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Sleep-promoting beverages find new importance

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From category mainstay herbal tea to innovative new launches from major soft drink companies, relaxation beverages are taking the market by storm.

Herbal teas have long been at the forefront of sleep-promoting beverages. Ingredients like chamomile or valerian have been consumed as infusions for their relaxing properties for centuries. Herbal teas also have the advantage of being natural and plant-based at a time when consumers are actively seeking these attributes.

However, herbal teas are not the only beverages that can speak to consumer desire for calming attributes. A new wave of functional relaxation drinks is appearing with targeted sleep-promotion claims. Relaxation drinks are not new but have never been able to break into the mainstream. Early products in the category suffered from unclear messaging about usage and had long ingredient lists at a time when functional beverages were moving sharply in the direction of clean labels.

The newer functional relaxation products shortened their ingredient lists, offering lighter, more natural products. They are also increasing use of trendier ingredients like CBD that were not found in earlier iterations.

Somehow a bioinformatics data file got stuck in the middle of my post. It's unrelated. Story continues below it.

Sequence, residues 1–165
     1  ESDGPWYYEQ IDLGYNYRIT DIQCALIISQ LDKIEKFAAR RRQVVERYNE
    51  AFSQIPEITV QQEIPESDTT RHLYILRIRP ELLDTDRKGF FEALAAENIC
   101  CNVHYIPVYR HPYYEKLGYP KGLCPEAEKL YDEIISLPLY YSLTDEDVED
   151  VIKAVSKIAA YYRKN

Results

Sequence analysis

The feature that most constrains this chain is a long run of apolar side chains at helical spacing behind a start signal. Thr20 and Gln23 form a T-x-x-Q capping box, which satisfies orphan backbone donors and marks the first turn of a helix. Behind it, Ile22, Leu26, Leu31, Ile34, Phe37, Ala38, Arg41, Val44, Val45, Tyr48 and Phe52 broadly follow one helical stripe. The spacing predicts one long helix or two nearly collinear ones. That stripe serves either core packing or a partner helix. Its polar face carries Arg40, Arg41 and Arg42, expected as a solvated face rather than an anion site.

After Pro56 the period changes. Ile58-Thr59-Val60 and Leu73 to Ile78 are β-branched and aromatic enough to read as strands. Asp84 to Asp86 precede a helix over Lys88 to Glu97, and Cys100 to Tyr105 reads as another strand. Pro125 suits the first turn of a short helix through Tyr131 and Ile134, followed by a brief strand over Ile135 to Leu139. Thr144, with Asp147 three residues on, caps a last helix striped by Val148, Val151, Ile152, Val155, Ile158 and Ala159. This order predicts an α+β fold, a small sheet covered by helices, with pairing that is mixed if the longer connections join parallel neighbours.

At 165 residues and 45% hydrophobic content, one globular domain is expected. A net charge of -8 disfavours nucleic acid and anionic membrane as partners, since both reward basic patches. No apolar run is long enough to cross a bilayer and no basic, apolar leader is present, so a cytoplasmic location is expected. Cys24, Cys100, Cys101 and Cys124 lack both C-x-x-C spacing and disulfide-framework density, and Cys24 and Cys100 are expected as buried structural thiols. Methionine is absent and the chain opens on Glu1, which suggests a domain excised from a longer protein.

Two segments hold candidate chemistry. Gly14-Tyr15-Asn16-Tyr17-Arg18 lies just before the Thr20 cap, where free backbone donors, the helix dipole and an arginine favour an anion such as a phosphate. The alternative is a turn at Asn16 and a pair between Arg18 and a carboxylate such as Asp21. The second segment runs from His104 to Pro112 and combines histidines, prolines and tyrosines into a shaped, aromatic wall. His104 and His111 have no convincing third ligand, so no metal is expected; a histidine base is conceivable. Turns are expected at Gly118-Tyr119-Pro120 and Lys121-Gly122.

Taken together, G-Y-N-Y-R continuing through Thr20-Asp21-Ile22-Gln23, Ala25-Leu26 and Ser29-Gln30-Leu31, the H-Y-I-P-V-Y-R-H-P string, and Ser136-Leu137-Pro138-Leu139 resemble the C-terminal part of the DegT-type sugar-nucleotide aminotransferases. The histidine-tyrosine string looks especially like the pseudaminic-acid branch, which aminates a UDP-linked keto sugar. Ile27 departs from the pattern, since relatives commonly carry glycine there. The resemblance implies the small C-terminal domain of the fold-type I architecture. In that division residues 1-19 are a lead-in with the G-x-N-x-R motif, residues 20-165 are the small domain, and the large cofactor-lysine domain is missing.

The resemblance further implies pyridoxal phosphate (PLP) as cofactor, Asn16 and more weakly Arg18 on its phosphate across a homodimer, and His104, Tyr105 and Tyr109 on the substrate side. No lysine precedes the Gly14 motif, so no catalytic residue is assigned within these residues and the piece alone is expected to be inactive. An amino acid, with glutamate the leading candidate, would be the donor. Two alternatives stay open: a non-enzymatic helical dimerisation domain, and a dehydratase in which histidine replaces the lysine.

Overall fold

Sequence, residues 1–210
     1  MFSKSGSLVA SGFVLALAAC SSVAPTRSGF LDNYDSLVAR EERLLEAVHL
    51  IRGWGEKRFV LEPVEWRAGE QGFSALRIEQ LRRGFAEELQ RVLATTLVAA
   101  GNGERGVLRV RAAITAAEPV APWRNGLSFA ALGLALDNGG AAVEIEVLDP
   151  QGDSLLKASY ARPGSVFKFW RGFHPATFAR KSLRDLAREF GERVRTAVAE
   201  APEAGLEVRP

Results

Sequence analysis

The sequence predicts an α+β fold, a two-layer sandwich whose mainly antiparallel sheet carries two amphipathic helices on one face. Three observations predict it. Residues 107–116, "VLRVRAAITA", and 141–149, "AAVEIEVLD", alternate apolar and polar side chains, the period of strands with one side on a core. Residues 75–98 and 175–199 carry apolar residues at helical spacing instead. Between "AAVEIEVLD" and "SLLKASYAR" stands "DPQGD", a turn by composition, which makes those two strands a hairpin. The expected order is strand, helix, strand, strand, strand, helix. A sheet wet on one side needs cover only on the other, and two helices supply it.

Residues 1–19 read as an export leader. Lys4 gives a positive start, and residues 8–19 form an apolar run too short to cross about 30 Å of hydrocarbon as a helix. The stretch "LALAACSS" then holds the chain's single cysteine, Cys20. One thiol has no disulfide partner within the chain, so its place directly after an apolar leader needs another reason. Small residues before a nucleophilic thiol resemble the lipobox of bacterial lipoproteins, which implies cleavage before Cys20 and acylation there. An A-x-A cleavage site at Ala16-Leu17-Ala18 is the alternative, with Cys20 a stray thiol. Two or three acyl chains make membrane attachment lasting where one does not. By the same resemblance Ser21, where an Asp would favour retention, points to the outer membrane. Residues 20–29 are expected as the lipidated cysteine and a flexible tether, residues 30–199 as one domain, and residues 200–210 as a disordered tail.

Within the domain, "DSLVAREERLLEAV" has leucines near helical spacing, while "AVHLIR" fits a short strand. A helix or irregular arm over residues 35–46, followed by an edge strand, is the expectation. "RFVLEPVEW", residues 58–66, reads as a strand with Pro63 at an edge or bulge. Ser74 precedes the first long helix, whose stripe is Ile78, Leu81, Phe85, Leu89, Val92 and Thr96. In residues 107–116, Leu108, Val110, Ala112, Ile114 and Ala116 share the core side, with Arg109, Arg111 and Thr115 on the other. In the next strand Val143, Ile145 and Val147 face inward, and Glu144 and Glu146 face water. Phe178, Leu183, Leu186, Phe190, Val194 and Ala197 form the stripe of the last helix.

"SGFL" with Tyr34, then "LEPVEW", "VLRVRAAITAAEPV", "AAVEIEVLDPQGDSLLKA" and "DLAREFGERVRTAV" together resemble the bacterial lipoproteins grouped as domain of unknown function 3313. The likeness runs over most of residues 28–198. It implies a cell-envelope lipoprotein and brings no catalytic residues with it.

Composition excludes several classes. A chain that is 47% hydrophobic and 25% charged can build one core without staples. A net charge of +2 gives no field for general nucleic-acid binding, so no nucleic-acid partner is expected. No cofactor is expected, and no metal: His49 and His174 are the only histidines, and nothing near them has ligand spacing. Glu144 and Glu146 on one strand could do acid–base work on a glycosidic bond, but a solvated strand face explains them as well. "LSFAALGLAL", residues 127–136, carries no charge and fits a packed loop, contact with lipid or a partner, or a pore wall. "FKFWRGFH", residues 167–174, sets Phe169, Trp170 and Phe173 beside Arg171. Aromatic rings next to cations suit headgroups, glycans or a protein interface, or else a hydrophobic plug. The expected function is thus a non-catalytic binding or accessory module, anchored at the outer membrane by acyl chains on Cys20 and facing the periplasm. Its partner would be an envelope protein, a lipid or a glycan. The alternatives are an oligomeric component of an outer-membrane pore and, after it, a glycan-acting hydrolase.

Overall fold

Larger soft drink companies are especially interested in this area. PepsiCo’s Driftwell falls into this space, as does Coca-Cola’s Chill Out, a hemp-based beverage currently available only in Japan but a sign that Coke is looking into this category. Relaxation drinks did not get this sort of backing from major soft drink players initially, suggesting the increased market potential.

Other emergent beverage categories with a sleep focus could arise in the future as well. One space that has seen only a small amount of interest so far but could pick up is alcohol alternatives.

To read this article in its entirety, check out the Sleep and stress – digital magazine.

Matthew Barry is a beverages consultant at Euromonitor International, specializing in global beverage industry trends, with a particular focus on coffee, tea and alcoholic spirits. He is especially interested in how economic growth patterns and changing demographics are affecting the global beverage industry. Barry’s insights are often shared in business and trade press, such as The Wall Street Journal, The Economist and The New York Times, and on stage at industry events like the World Tea Expo and the National Coffee Association Annual Convention.

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